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Soft Kill- Dead Kids, R.I.P City

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Dead Kids, R.I.P City

Cercle Social Records
November 20, 2020

Portland-based Soft Kill are back with their latest LP, “Dead Kids, R.I.P City,” a testament to the band’s post-punk roots, an act of love for their city, and an outlet for grief and growth during trying times. Blending synth elements with moody bass phrases and throbbing, pulsing guitars, Soft Kill stays close to their signature sound, dark, danceable, and distinct. This album is a salve for every cut, bruise, and burn that 2020 has inflicted upon us.

The album doesn’t start off easy by any means. Instead, listeners are slammed in the chest with “Roses All Around,” a track that burns with hopeful sounding melodies, a stretching and intricate musicality that is beautiful and bright in contrast to frontman Tobias Graves’ crooning, keening, darker vocals. This duality plays a role throughout the album, and it really reveals how much love and care is put into each track and then the work as a whole.

“Wanting War,” the second track, has been floating around the Soft Kill ether for quite some time now, and it seems to have settled nicely here. Again, another track with danceable heft, the album seems front-loaded. However, don’t let that dissuade you.

The album features several guest musicians, including Adam Klopp (of Choir Boy) and Tamaryn. Working with other post-punk or goth rock or (whatever you want to call it) acts adds a layer of community to the album, and obviously, it adds to the intricacies of the tracks. The tracks featuring guest artists sit in the middle of the album, where it seems to hit a beautiful, moody stride.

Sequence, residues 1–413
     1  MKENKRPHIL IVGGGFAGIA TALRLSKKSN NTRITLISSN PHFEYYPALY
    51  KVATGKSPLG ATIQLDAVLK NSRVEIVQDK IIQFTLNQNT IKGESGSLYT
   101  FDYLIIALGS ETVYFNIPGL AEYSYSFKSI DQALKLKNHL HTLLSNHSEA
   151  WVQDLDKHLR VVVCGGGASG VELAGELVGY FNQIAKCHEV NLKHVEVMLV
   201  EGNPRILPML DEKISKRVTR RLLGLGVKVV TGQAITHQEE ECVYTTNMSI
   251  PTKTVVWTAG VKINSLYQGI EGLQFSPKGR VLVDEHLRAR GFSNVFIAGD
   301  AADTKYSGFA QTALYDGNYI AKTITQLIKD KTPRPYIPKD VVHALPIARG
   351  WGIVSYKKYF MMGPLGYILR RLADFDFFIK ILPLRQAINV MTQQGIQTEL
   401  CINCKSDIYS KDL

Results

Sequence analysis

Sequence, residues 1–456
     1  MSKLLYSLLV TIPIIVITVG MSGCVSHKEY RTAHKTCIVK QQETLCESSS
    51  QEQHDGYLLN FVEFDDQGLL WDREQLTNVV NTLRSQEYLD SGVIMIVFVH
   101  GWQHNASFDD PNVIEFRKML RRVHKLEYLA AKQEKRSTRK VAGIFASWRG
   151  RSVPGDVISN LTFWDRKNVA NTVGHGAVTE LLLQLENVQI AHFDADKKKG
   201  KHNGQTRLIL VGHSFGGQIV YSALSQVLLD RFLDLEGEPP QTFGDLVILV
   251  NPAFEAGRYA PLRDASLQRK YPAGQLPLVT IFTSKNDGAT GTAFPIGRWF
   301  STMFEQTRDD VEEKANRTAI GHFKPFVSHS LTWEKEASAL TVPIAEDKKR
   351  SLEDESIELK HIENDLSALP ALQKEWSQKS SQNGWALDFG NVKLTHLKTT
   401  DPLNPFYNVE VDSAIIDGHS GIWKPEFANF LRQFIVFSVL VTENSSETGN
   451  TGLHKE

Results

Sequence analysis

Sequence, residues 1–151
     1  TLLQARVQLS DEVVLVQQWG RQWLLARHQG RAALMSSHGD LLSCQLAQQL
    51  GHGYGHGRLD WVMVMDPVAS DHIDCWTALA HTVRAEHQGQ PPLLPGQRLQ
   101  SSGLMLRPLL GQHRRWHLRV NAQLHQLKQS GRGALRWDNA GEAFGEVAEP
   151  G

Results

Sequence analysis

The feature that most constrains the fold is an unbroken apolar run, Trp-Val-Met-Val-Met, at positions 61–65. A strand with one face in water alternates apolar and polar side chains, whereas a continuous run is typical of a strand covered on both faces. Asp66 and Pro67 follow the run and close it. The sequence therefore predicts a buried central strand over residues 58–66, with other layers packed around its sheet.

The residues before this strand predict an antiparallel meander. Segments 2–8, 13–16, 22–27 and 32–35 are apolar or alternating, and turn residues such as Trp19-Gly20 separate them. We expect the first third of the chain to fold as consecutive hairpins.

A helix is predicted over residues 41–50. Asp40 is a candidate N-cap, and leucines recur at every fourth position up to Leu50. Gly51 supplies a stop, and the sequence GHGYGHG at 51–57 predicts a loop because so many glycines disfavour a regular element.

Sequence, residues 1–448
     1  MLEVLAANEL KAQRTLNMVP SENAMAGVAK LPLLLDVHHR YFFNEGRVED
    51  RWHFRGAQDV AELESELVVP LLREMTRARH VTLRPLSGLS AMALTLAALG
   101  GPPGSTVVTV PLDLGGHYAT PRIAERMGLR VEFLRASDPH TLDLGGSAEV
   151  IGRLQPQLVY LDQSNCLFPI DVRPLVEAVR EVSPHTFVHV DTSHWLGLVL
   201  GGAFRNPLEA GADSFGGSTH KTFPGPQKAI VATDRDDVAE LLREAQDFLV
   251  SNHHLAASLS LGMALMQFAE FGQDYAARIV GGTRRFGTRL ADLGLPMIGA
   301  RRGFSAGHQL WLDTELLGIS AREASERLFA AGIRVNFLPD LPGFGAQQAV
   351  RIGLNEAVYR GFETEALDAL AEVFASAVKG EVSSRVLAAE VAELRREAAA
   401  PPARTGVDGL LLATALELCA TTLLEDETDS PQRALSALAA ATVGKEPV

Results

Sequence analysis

“Pretty Face” was the second single off of the LP, and the sound is incredibly upbeat and bouncy despite the dark lyrical content. “Relax your pretty face boy, the pain has left you now.” The song is an exploration and a way to cope with grief and loss despite its upbeat sound.

The remainder of the album keeps pace until we hit the final track, “I Needed the Pain” a raw, bare-bones pure piece that’s simply Graves and an acoustic guitar lulling us gently back into our respective realities.

“Dead Kids, R.I.P. City” is a beautifully shaped album, exploring stretching soundscapes and drawing in a like-minded musical family to create something to help us heal our damaged hearts and souls, or at the very least, get through another day on this miserable planet.

Listen to “Pretty Face” here:

 

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